Alan Stahler: Tools and their uses passed on through generations
I’ve been reading Ian Tattersall’s book, Masters of the Planet, a story of human evolution, and it’s got me thinking about how we live today.
Somewhere in Africa, some five-to-seven million years ago, a population of apes split apart: The descendants of one group, over millions of years, would evolve to become today’s chimpanzees. The descendants of another group, over those same millions of years, would evolve to become us.
We resemblance each other, people and chimps. Whereas most mammals have four legs, humans and chimps have two legs and two arms; we both have hands with five fingers; and fingernails, rather than claws (most chimps, I learned elsewhere, bite their fingernails).
People are also very different from chimps: We’ve lost our fur; our faces are flat; our teeth have shrank; so have our muscles.
And our brains have grown large. We’ve learned to use symbols, which we represent with words … we can think things over.
Thinking takes energy; large brains need large amounts of energy. One out of every five donuts (or whatever you eat) gets “burned” in the brain (that’s “burned” in quotes — but it’s still oxidation — combining fuel with oxygen for energy).
There’s not a whole lot of energy in leaves, or grass; grazers and browsers need to spend a lot of their time eating.
Meat is a high-energy food. But hunters like lions and leopards have strong muscles, long claws, impressive teeth. How could humans compete?
Perhaps by scavenging. After a lion had eaten its fill, and moved on, paleo-people could move in and finish up what was left. But meat rots quickly in the tropical heat.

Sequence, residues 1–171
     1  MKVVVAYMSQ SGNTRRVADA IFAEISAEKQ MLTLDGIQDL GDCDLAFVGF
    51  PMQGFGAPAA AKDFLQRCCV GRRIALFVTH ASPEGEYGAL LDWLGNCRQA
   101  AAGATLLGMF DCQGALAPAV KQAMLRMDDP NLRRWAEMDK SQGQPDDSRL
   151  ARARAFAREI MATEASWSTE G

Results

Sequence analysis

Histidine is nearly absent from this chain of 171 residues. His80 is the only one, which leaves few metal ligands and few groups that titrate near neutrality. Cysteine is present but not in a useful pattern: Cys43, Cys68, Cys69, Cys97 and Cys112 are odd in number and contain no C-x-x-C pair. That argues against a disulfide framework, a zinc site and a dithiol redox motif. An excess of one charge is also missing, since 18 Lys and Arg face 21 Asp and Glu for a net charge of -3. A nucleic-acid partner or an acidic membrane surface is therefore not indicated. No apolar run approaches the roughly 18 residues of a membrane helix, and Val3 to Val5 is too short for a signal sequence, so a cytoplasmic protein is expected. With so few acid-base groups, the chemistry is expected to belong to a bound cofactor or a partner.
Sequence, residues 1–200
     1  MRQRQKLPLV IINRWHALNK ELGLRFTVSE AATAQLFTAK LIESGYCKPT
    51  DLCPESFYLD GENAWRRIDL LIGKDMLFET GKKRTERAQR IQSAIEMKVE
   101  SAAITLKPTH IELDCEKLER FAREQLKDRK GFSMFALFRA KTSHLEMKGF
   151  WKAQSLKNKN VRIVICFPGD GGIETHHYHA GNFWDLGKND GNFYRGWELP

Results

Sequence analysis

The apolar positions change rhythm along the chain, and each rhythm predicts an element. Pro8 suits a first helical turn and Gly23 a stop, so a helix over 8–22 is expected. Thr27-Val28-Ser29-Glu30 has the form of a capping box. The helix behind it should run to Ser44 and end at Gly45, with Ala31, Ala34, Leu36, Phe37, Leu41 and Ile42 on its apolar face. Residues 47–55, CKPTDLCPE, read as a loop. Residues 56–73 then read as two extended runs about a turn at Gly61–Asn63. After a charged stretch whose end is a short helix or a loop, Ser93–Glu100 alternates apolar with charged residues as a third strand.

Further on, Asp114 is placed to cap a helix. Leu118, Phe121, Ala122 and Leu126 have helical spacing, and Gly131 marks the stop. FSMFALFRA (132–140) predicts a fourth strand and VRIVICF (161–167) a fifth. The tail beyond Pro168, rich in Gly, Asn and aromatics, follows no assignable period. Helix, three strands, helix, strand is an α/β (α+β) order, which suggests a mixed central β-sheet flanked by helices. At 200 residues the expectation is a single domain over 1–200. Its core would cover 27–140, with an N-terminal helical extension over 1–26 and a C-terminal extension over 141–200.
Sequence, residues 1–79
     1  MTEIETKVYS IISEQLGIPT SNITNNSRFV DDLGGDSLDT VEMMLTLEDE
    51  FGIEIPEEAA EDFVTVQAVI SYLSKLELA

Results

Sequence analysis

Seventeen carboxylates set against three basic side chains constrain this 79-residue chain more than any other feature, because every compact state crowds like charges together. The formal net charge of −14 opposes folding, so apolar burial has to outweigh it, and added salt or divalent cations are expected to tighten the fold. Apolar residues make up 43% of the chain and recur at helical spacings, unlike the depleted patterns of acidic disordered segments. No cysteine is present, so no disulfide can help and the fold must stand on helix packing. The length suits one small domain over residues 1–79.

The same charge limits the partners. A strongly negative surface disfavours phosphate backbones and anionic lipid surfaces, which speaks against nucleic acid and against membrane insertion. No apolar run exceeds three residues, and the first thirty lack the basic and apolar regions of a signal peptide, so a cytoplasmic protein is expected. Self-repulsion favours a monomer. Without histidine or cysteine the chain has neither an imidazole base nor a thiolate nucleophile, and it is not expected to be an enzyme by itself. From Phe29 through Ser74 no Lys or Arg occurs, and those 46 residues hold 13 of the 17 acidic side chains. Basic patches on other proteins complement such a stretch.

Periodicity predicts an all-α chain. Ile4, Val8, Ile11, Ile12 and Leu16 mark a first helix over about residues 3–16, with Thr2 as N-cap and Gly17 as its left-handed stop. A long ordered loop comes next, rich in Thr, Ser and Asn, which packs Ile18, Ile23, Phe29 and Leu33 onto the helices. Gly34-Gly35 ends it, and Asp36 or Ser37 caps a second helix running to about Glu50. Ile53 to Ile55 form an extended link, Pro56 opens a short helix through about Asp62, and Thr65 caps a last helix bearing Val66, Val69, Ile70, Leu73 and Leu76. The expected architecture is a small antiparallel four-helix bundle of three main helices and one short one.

If gorillas could be trained to play football, they’d be unstoppable … literally. Imagine a 250-pound linebacker trying to stop a 400-pound gorilla … ain’t gonna happen.
But a team of gorillas would have one serious disadvantage — they could not use the forward pass. No animal on Earth, other than humans, has mastered the art of precision throwing.
What if a band of scavengers did not have to wait for a lion to finish eating? What if they could drive the lion away from his kill — temporarily — by heaving stones at it? This is not ordinary scavenging, this is power-scavenging.
Throwing stones to hold off a hungry lion that’s already tasted blood is not something you’d want to do for long — you’d want to grab the meat and go.
Our ancestors made tools. Stone blades could quickly cut meat from bone. Other animals do use tools — chimps use blades of grass to fish termites from mounds — but no animal has taken tool-use as far as humans.
For a dozen-and-a-half years, Steve Davis has been teaching bicycle repair at Seven Hills School in Nevada City. Once a year, Steve and the kids bring re-built bikes, along with a mobile bike repair shop, down to the Sacramento food kitchen Loaves and Fishes, to give away the bikes and repair bikes that people bring in.
Now Steve is retiring, though the program he created at Seven Hills will continue. The program not only provides much-needed transportation to folks in Sacramento; it also furthers a multi-million-year human tradition: teaching the next generation how to use tools.
Al Stahler enjoys sharing nature with students of all ages. His science stories can be heard on radio station KVMR (89.5 FM), and he may be reached at firstname.lastname@example.org.
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